For health professionals: Giardia infection (giardiasis)
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- What health professionals need to know about Giardia infection
- Clinical manifestations
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What health professionals need to know about Giardia infection
Giardia is a parasite that occurs worldwide. The parasite is in the top 5 most common cases of infectious diarrheal diseases in Canada and can affect people of all ages.
Giardia is the most commonly identified intestinal parasite in Canada. The Canadian Notifiable Disease Surveillance System reported 10.42 cases of giardiasis per 100,000 people in 2015.
In developed countries, giardiasis occurs most frequently among:
- people who care for those sick with giardiasis
- people who are exposed to infected animal feces of pets or livestock
- children (up to 9 years old) in daycare centres and schools
- people who are exposed to infected human feces during sexual contact
- hikers, campers or backpackers who may drink or come into contact with untreated water
- people who travel to countries where giardiasis may be common (Giardia is prevalent in developing countries)
Drinking untreated water is a common source of infection and can result in community-wide epidemics.
Giardia has a broad host range worldwide. However, many strains:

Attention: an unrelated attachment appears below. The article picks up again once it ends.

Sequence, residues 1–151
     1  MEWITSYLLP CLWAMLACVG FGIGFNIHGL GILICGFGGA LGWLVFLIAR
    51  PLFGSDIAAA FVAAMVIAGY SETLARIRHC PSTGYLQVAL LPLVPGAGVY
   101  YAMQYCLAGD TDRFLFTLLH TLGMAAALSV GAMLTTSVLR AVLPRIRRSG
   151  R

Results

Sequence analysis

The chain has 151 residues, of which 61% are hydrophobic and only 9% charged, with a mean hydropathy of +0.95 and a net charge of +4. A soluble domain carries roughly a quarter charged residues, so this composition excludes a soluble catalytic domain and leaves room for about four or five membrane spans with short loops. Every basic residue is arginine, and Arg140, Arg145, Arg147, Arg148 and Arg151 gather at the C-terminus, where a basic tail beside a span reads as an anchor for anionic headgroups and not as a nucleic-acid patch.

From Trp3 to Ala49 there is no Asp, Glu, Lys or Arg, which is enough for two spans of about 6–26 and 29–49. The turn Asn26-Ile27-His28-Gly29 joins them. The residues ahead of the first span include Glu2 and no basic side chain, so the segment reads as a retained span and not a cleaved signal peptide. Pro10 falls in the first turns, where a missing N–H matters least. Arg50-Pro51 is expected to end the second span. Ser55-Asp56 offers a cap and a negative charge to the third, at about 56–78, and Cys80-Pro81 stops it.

- are host-specific
- do not transmit between humans and animals
The role of animals as a source of human giardiasis is not well characterized. Some genetic groups of Giardia duodenalis infect both humans and other mammals. It is not known how frequently infection is transmitted from animal to human, or from human to animal. Animal sources have been described in a small number of outbreak investigations reported in the literature.
The incubation period is from 7 to 14 days.
Most people with giardiasis will have some or all of the following symptoms:
- abdominal cramps
- nausea or vomiting
Some people with giardiasis may present with no symptoms. Children up to 9 years old are most at risk. Most of the infections occur in the summer months.
Most infections resolve on their own within 1 to 2 weeks or longer. For some cases, recurrence of symptoms can occur after several days or weeks.
More chronic infections can occur and result in malabsorption. As a result, significant weight loss may occur, as well as hypoalbuminemia and deficiencies in vitamins A, B12 and folate.
Multiple stool samples may be required to detect Giardia as the Giardia cysts can be excreted sporadically and can make diagnosis difficult.
Techniques for Giardia detection in stool include:
- fecal immunoassays
- molecular testing (e.g. polymerase chain reaction)
Dehydration should be treated symptomatically.
The following drugs can be used for treating giardiasis:
Health professionals in Canada play a critical role in identifying and reporting cases of giardiasis. Giardiasis was added to the notifiable disease list in 1983. Refer to the surveillance of giardiasis section for more information on surveillance in Canada.
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